7. However, these developments were based on largely personal acts of liberation by a few pioneering activists and were not deeply rooted in the culture of Japan's gay scene. Even more than today, at that time gay bars were seen as venues for searching out sexual partners and there was slim chance of developing what we now think of as a community feeling. As a result those groups and newsletters that developed during this period were not able to continue for very long.

    Voices speak out
  8. In the 1980s a major event occurred which was to have a major impact on gay people (as well as many others throughout the world)—the arrival of AIDS. One unforeseen outcome of the advent of this disease was that mainstream news media which had previously ignored homosexual issues began to report on the social situation and lifestyles of gays in the United States. Then, somewhat later, after the spread of HIV infection to Japan, the media's gaze turned on gay people living in Japan.
  9. At just that moment, several Japanese gay liberation groups were emerging, including ILGA (International Lesbian and Gay Association) Japan, founded in 1984, and the Association for Moving Lesbians and Gays (also known as OCCUR), founded in 1986. These organizations immediately began working on issues related to gay men and AIDS and their campaign against the AIDS Prevention Law[8] and other activities were widely reported in the general media. This was the beginning of a new period in which the voices of gay men themselves began to be reported outside gay circles.
  10. However, it was at the beginning of the 1990s that the existence of gay people really began to be brought to the attention of the outside world. In 1991, OCCUR launched a court case which became known as the Fuchu Hostel Incident. While holding a meeting at the hostel, OCCUR's members had been badly treated by other groups using the facilities and as a result OCCUR were refused future use of the hostel by the management, resulting in OCCUR launching a discrimination case against the facility's owners, the Tokyo Metropolitan Government. (In 1997 the judgment came down on the side of OCCUR.)
  11. In the same year, Fushimi Noriaki released his pioneering gay studies book Private Gay Life. In that book was included a photograph of the author, a highly significant step at a time when having a picture of one's face released in the general media took a lot of bravery. Then, in 1992, Ōtsuka Takashi and others edited the 'Gay Present' edition of popular magazine Bessatsu Takarajima. As a result, interest in gay topics gradually picked up pace in the general media resulting in what became known as the 'gay boom' in which experiences and accounts from actual gay men were widely reported.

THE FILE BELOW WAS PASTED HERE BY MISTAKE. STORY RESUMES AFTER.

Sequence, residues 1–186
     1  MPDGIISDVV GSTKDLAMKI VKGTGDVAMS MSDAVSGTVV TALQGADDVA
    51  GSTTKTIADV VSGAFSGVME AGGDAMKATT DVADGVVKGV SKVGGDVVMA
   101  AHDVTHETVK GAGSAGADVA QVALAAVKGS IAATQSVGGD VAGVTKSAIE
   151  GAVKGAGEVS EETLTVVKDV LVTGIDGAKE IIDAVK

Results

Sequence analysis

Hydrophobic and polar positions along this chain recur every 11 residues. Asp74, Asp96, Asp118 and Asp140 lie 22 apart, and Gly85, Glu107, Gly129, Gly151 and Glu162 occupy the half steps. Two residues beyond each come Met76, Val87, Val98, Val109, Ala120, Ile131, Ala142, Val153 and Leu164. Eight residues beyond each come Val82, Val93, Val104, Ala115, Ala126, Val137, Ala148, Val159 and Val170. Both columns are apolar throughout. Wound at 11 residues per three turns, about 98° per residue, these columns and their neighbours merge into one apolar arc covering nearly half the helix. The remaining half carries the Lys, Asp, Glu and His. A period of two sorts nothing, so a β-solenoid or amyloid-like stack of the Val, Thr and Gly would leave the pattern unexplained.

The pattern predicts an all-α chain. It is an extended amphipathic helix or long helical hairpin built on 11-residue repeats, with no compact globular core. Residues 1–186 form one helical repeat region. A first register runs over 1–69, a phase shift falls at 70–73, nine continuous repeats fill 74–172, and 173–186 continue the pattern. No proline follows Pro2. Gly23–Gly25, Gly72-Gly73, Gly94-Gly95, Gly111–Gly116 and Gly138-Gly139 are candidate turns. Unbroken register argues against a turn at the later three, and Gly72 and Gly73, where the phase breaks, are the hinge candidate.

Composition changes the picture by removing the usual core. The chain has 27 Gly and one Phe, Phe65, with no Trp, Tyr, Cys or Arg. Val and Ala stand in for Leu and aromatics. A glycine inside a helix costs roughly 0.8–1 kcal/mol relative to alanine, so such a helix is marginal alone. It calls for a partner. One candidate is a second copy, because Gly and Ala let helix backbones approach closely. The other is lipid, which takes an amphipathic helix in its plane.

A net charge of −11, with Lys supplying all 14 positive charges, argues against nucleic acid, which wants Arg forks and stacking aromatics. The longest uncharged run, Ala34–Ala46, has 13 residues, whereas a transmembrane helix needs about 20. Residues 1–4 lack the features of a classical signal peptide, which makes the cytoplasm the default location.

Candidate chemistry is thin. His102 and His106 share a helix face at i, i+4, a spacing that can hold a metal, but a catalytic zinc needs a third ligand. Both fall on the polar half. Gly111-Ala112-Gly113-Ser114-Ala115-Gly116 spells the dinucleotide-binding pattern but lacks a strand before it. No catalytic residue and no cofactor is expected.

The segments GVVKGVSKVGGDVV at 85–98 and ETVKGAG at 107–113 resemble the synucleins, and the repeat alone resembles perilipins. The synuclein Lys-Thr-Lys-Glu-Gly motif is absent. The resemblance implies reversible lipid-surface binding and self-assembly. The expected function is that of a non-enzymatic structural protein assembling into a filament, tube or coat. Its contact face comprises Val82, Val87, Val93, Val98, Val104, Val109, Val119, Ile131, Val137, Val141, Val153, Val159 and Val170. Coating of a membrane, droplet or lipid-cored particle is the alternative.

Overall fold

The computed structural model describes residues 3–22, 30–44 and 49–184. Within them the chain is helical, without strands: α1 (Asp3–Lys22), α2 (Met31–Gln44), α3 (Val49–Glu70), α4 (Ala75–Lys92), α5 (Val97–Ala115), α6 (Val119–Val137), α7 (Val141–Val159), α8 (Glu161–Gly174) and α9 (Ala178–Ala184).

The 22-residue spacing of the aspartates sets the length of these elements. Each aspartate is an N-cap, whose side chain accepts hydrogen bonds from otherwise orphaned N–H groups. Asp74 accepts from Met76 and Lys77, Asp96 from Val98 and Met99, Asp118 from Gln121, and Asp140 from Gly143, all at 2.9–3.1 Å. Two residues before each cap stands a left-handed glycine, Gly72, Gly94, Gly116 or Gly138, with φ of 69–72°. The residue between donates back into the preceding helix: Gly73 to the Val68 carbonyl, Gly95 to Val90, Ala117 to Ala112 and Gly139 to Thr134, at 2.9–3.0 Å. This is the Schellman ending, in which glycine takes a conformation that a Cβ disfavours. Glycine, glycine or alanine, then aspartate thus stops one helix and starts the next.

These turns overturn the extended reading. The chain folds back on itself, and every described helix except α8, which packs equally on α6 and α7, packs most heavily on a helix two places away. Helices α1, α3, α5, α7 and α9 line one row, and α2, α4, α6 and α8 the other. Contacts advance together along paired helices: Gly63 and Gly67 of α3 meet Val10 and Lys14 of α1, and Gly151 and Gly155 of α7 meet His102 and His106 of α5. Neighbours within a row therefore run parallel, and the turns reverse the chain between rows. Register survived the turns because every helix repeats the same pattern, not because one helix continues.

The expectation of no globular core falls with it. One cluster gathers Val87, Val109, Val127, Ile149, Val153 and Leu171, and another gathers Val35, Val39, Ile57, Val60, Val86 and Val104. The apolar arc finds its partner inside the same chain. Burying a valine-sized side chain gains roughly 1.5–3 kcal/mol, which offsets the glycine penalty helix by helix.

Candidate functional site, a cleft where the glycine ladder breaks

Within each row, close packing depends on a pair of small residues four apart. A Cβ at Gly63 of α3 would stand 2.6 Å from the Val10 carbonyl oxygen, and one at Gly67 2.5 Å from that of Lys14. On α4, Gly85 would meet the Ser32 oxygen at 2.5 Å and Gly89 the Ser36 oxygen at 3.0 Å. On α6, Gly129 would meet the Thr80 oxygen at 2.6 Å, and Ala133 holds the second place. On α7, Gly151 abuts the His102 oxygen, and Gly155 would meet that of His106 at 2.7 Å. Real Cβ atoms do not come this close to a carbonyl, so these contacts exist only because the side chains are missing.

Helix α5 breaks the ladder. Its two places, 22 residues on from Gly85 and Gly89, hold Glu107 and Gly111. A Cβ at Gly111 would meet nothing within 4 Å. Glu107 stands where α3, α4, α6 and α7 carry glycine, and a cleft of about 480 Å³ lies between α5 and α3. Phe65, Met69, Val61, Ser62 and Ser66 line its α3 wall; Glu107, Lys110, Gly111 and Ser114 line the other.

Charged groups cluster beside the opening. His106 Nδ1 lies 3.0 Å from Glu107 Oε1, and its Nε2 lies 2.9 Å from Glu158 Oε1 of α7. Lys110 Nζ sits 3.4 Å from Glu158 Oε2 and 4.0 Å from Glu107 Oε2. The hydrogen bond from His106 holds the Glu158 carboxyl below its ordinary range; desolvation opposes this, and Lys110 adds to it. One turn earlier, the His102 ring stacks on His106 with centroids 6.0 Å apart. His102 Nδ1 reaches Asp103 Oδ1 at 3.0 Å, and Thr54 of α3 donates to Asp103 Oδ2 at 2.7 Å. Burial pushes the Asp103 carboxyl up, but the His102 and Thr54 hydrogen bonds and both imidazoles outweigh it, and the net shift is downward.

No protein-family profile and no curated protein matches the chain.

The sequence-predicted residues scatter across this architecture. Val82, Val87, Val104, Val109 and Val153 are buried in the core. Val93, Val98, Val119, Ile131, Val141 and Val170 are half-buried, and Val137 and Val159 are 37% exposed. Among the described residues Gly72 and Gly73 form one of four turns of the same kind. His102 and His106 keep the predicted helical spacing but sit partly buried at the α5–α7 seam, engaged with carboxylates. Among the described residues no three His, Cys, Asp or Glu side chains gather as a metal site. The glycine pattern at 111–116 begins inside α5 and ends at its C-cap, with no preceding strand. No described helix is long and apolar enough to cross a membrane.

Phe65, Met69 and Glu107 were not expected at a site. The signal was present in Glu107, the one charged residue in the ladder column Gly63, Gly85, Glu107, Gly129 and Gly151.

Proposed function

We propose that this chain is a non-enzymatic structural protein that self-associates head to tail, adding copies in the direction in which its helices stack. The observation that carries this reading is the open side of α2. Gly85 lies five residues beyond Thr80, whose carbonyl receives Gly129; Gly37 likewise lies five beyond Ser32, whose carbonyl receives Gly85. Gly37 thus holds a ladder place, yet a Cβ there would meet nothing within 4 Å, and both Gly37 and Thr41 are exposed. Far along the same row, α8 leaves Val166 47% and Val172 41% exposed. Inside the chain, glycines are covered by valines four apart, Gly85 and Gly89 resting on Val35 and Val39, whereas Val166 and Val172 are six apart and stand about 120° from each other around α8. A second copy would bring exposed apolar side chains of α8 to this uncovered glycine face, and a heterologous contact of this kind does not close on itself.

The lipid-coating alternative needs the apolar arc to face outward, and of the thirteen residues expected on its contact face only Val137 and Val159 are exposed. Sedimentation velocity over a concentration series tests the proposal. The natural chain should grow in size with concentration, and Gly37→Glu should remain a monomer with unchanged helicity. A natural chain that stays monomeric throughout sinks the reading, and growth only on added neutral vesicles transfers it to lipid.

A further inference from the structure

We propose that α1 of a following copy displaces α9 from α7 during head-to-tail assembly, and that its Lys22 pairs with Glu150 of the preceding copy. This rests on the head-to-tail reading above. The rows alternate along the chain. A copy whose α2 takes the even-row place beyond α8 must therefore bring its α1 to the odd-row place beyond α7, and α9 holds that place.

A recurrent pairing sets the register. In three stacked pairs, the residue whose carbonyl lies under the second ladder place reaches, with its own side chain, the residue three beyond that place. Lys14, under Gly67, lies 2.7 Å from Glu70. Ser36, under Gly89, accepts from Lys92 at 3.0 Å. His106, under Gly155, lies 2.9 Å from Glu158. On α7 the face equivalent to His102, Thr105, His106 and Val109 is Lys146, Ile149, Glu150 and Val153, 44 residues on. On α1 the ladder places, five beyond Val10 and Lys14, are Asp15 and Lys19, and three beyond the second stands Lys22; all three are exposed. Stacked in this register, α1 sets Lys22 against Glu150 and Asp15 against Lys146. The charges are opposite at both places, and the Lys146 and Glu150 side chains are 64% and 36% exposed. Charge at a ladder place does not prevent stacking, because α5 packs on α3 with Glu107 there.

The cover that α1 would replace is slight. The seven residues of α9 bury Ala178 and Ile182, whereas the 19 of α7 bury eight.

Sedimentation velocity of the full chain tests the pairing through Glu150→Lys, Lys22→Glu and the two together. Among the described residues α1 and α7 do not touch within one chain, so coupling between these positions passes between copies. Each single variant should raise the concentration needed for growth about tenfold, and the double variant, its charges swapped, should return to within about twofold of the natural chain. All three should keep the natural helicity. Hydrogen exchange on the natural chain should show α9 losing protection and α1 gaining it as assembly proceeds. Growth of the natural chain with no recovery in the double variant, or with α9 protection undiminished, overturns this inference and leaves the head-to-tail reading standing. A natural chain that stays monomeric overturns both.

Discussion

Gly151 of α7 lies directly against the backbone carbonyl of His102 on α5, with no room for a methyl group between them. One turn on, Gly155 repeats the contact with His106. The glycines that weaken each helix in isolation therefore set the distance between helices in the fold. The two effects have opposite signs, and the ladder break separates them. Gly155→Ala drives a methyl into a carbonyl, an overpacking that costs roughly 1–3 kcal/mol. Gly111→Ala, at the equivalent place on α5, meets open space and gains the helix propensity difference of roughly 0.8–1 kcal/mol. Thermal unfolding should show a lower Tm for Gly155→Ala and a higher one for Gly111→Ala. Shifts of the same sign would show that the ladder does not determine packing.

Not simply voices but faces
  12. One symbol of this increased visibility was the parade. Organised by Minami Teishirō (of ILGA Japan), Japan's first Lesbian and Gay Parade was held in Tokyo in 1994. This was followed in 1996 by the establishment of another parade in Sapporo (the capital of Japan's northernmost island, Hokkaido). Despite the fact that after the third Tokyo parade disputes about the parade's organization meant that the event was not resumed again until 2000, the commencement of such events meant that for the first time it was not just gay people's voices that were reaching out to a wider public but gay people themselves were becoming more visible.
  13. Also in 1994, the release of the gay magazine Badi, which showed for the first time the faces of 'ordinary' gay people, continued this trend toward 'not simply voices but faces' in the media. Gay magazines such as Badi and, later, G-Men, pioneered a new approach which had not been seen before in gay magazines—offering a more positive impression of gay life and printing news and information about 'ordinary' gay people. These magazines continued the trend toward a broadening of gay community consciousness.
  14. In this manner, gay people's voices are being recorded, gay people's mutual experience is being brought together, and the fact that gay 'fellowship' is becoming more visible means that we can now think in terms of a gay community. Undoubtedly this community consciousness will continue to expand and it will be possible to write a new kind of gay history. The writing of a full-blown history of gay Japan is something that can now be undertaken.


    [1] Since the late 1950s Shinjuku's second ward has developed into Tokyo's premier gay entertainment district and is currently home to over 200 bars and other establishments catering to gay men and to a smaller extent to transgenders and lesbians.

    [2] Unlike in English where the term 'gay' can be used to refer to both men and women as in the phrase 'gay people', the use of gay (or gei in Japanese) has always referred exclusively to men. When talking about the 'gay community', then, the author is referring primarily to the sense of community experienced between gay men.

    [3] Danshoku (sometimes nanshoku) is comprised of the Chinese characters for 'man' and 'eroticism' and designates the traditional Japanese practice of adult males who took boy lovers.

    [4] Wakashu were boys and young men (before their coming-of-age ceremony) who were loved by adult men in premodern Japan.

    [5] Adonis, published monthly until 1962, was available only to subscribing members.

    [6] Due largely to competition from newer and trendier gay publications (such as Badi and G-Men mentioned later in the text) and also the Internet, Barazoku finally went out of business in 2004.

    [7] The author is here referring to Ōtsuka's appearance on the popular Snake Man Show over a period of 18 months in 1977-78. For a discussion of Ōtsuka and his early activism, see Mark McLelland, Queer Japan from the Pacific War to the Internet Age, Lanham: Rowman and Littlefield, pp. 171-74.

    [8] This law, had it been passed, would have required that doctors register the names and addresses of people living with HIV with local authorities.


This paper was originally published in Intersections: Gender, History and Culture in the Asian Context, with the assistance of Murdoch University.

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From February 2008, this paper has been republished in Intersections: Gender and Sexuality in Asia and the Pacific from the following URL: intersections.anu.edu.au/issue12/sunagawa.html.